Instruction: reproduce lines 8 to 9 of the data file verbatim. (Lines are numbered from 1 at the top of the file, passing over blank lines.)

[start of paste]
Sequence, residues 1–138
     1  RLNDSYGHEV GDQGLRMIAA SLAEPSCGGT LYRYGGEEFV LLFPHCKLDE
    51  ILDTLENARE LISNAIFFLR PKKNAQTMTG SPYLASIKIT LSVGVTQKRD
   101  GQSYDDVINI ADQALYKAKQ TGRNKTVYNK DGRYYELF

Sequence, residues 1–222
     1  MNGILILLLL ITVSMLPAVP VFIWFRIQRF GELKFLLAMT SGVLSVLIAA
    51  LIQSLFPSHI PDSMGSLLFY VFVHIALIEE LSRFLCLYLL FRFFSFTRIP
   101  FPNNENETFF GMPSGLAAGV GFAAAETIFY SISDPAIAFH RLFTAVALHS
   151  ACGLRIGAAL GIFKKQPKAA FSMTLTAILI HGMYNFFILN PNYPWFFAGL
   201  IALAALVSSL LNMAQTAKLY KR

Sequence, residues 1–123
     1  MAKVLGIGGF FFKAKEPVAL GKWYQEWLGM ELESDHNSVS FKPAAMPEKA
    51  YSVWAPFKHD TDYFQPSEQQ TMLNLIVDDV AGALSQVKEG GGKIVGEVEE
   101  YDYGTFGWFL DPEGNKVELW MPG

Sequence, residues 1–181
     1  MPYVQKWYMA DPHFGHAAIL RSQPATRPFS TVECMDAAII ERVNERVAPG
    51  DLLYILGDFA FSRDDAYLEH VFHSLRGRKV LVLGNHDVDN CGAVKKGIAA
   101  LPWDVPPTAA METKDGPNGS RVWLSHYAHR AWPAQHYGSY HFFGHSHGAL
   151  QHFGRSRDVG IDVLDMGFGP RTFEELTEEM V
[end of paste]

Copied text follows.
   101  FPNNENETFF GMPSGLAAGV GFAAAETIFY SISDPAIAFH RLFTAVALHS
   151  ACGLRIGAAL GIFKKQPKAA FSMTLTAILI HGMYNFFILN PNYPWFFAGL